Thanks for the terrific answer and diagram. So I understand that you advise in favor of multiple subnets at each location rather than 1 large one at each of the locations. Does this require more effort on the part of the router, since it would be routing between the internal subnets in additional to its job of natting and and then routing between the other routers in our WAN?
You mentioned that your ISP has configured your network routers with IP addresses falling in the 10.x.x.x range, so your surely talking about your network's internal LAN as this range is excluded from the Internet's routers.
Networks such as 10.x.x.x, 172.16.x.x and 192.168.x.x. are only for private use and non-routable to the Internet.
From your description, I have understood that your network is quite big, 15 sites, each one with two networks using a 24 bit subnet mask (255.255.255.0), connected to your head office, which is running out of IP addresses.
If this is correct, then here's what I suggest:
Any network, should be restricted to a certain amount of hosts. It is surely not a good idea placing 500 hosts, whether they are workstations or other network aware devices, on one physical or logical network if your not using some type of smart LAN technology - for example, VLANs.
The reason you shouldn't place so many hosts are quite a few. The most important though are 1) Broadcasts and 2)Security.
Having too many windows (especially) workstations on one network is a nightmare. Essentially what will happen is they will be flooding your network with broadcasts, chewing up your bandwidth!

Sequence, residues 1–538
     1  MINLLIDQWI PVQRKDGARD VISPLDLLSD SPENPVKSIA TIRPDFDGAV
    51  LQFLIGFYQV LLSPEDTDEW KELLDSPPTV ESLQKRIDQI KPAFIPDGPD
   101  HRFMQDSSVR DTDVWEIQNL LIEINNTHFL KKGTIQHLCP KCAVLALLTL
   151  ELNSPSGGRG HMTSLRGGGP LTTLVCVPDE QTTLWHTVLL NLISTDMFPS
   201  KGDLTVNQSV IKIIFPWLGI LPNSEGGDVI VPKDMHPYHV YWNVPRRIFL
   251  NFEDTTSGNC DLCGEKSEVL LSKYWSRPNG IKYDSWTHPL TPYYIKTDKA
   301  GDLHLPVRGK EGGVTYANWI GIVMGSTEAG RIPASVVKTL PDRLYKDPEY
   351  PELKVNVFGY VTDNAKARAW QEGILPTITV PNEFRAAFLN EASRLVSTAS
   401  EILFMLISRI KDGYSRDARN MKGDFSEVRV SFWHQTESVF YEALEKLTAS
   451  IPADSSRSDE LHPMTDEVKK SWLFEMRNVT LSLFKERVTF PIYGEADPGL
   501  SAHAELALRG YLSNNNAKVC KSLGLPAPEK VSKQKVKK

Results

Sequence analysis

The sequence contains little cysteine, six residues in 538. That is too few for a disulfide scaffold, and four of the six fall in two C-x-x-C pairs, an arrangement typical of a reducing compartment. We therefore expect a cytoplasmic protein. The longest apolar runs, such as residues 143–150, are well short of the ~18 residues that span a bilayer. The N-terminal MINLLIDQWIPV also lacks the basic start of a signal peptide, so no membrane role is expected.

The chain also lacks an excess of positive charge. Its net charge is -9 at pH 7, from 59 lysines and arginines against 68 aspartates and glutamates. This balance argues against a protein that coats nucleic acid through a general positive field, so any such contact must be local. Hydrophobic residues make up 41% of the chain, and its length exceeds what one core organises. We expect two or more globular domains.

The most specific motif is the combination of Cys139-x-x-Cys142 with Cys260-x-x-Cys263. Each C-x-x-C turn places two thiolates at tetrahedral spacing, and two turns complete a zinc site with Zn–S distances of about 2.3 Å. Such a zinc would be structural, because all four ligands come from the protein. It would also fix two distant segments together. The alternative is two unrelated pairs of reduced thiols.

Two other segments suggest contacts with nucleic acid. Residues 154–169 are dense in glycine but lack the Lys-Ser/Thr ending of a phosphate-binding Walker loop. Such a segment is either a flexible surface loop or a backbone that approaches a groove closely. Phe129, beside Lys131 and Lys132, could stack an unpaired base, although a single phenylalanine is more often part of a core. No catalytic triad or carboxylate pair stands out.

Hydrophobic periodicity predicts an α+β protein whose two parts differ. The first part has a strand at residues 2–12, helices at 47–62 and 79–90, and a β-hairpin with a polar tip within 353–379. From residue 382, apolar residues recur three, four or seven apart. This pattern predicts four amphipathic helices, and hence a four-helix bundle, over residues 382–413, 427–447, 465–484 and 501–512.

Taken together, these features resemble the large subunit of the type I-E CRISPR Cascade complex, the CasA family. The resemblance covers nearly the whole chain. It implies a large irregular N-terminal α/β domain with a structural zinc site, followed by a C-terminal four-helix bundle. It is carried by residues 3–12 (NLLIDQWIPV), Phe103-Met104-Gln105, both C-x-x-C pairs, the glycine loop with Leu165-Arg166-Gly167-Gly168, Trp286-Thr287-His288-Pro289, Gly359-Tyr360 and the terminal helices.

The second reason is quite obvious and doesn’t need any clarification
Before you start breaking networks and assigning new IP addresses, I'd recommend you to take a look at your network infrastructure and see if there is any possibility of creating VLANs. Unfortunately I am in the process of analysing the topic at the moment and won't have it complete anytime soon, so I can't refer you to any internal page, but there is heaps of information on them on the Internet should you wish to learn more about them.
In the case VLANs are not a solution, then you need to break the network. The best, and safest way to do this is to physically break the networks between each other.
To help you get a visual on what I'm talking about, I've included the diagram below, which is from the VLAN topic I'm writing:
As you can see, there needs to be some type of router that will route packets from one network to another. This can be in form of a physical router .e.g Cisco router or a PC with routing enabled.
If you need more information, just give us some type of diagram with the networks involved so the answer can be specific to your network.
Re: IP addressing advice
15 years 7 months ago #3575